Tactical players rejoice, defending is an art.


Yes, you heard it right, FIFA 20 requires patience, intelligence and some actual thought into your match approach.

Whilst previous editions have been enjoyable with the fundamental elements of play, attack/skill move focused, (giving FIFA games a more arcade-like feel). FIFA 20 takes the rulebook and completely re-writes it.

That new rule book says to hell with Liverpool’s gung-ho attacking approach to a game, and embraces a play akin to that of the defensive underdogs in the world of football. Whilst this approach will no doubt shock some (like it did myself), stick with it and the build-up play to penetrating the opponent’s defense has never been more rewarding. FIFA 20 has effectively become a game about anticipation, with a relentless, focused approach to the manual defending re-introduced in gameplay.

This means FIFA 20 is a far more challenging, unpredictable game of football over the 90mins then any previous entry. Previous FIFA players over-reliant on AI defending will have a massive shock. The jockey in-game mechanics have had a massive overhaul and have two methods of utilizing.

One is to use a slower, more precise jockey movement that’s useful when uptight to opponents or during a 1 on 1 situation. The second being a fast jockey animation, used by holding both triggers (on Xbox). This is useful for cutting out passes, trying to regain position or making last gasp interceptions down the channels. Mis-time your interceptions or switch defenders a second too late and the game can be unforgiving.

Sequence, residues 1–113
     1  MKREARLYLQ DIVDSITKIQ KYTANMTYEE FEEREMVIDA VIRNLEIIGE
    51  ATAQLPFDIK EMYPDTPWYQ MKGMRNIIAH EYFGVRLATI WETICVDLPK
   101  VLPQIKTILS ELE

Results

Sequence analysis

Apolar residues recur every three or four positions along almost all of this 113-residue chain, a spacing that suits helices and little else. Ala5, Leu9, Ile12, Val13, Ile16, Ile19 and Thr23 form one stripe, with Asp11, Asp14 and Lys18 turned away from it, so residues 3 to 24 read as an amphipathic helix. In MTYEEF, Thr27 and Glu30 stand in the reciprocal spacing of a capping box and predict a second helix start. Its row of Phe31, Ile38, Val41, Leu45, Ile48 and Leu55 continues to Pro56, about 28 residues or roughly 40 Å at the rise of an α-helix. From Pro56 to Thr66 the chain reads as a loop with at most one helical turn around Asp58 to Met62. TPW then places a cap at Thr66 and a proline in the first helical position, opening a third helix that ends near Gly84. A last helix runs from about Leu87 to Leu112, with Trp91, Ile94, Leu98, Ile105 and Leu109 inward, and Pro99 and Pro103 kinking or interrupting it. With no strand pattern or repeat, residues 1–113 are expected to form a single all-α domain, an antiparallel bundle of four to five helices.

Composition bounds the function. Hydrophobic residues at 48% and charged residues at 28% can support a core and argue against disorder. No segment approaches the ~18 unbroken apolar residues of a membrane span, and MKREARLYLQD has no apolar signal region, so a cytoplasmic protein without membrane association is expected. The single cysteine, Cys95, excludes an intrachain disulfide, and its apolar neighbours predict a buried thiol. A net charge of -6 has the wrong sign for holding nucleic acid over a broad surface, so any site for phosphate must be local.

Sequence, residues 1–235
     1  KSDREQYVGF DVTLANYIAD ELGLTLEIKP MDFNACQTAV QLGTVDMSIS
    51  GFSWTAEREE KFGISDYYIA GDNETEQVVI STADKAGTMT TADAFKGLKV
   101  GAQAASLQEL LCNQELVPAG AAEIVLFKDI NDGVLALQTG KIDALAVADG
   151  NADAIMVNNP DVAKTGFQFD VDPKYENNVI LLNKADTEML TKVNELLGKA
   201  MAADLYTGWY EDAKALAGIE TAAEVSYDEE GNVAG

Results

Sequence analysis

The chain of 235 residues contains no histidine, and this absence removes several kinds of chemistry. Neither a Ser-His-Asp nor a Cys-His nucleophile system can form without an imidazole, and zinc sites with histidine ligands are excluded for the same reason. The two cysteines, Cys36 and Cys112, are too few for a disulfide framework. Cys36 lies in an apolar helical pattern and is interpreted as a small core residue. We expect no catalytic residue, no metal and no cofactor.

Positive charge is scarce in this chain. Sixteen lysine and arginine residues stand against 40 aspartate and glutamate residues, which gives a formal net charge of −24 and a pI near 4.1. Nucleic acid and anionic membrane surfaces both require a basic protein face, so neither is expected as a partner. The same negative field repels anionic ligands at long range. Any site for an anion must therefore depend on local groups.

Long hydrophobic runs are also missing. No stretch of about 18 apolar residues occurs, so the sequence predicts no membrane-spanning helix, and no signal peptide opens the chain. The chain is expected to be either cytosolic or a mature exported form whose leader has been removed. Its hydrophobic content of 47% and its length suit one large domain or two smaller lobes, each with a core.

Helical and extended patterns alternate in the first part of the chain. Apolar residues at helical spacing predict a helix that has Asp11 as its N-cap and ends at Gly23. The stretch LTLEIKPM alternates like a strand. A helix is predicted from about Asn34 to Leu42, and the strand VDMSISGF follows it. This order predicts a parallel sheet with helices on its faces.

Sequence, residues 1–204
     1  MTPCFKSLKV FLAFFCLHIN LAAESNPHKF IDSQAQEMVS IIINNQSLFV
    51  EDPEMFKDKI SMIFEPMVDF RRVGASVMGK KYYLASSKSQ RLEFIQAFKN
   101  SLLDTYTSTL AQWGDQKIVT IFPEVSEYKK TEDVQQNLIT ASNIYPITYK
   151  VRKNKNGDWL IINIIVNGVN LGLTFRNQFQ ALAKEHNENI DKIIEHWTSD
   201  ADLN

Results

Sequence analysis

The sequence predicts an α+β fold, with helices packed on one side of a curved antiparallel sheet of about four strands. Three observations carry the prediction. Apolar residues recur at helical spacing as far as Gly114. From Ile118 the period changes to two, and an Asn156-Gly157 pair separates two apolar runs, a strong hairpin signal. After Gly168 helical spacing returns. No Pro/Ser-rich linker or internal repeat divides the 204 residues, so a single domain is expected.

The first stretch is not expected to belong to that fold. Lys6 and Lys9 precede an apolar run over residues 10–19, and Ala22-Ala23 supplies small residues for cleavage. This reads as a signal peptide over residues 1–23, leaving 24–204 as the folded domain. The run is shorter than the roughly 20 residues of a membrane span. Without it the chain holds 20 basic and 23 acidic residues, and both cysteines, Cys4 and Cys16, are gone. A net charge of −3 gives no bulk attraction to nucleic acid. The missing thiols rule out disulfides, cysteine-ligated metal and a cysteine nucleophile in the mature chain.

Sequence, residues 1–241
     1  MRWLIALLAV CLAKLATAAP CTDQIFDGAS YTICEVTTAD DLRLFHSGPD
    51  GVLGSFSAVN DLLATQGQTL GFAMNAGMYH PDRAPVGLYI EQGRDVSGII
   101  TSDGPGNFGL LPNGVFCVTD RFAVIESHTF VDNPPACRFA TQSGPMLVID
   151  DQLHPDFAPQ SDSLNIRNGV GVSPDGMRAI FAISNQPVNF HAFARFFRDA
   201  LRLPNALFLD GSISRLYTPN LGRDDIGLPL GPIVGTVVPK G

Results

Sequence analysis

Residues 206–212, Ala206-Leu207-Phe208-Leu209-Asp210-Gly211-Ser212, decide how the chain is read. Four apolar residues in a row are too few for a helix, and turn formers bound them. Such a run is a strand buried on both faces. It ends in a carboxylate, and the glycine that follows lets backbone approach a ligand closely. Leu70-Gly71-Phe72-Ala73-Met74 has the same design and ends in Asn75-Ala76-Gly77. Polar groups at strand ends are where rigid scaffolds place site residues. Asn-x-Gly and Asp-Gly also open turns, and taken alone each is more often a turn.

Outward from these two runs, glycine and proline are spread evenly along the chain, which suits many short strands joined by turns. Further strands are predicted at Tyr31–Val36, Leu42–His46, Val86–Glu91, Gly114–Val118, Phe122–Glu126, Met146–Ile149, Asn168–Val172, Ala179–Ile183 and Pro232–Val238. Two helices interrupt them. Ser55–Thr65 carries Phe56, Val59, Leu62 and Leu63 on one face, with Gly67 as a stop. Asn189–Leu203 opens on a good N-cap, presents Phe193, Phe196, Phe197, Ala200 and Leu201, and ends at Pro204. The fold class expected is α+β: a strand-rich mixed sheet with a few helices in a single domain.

It’s only when you play a match do you realize just how vital the timing and positioning of your players are. It’s not a gimmick but a reality. Long balls played out from the back can be incredibly effective if timed correctly which ties in nicely for speed fans. The handling of pace is much improved, feeling effective but not overpowered. Last year, pace was nerfed and seemed unproductive when dealing with aggressive, strong, bully boys at the back, as nimble, weaker speed demons would just get outmuscled whenever a defender was near.

The momentum, more agile players with quick reactions and lightning-fast speed ratings possess, will result in them breezing past sluggish defenders playing as the last man. This all play’s into the intriguing defensive mechanics and decisions you make in this year’s game. FIFA 20 dictates the beautiful game at a considerably slower tempo, meaning the shape of your team is vital in snuffing out counter-attacking sides looking to hit you on the break. This is all tinkered within the custom tactics menu where pre-game preparation really does make a difference.

Shooting mechanics, in my opinion, have improved considerably. I’ve not seen any finesse exploits used so far and the incredibly frustrating El Tornado crossing glitch appears to have been patched out. Set pieces and penalties appear less random this year, due to a new implementation of taking them. Focusing on the retinal which is in sync with where you’re aiming the ball and using the shoot button just as the taker hits the ball, I’ve enjoyed more success with this FIFA so far. (I guess I just sucked at the last system).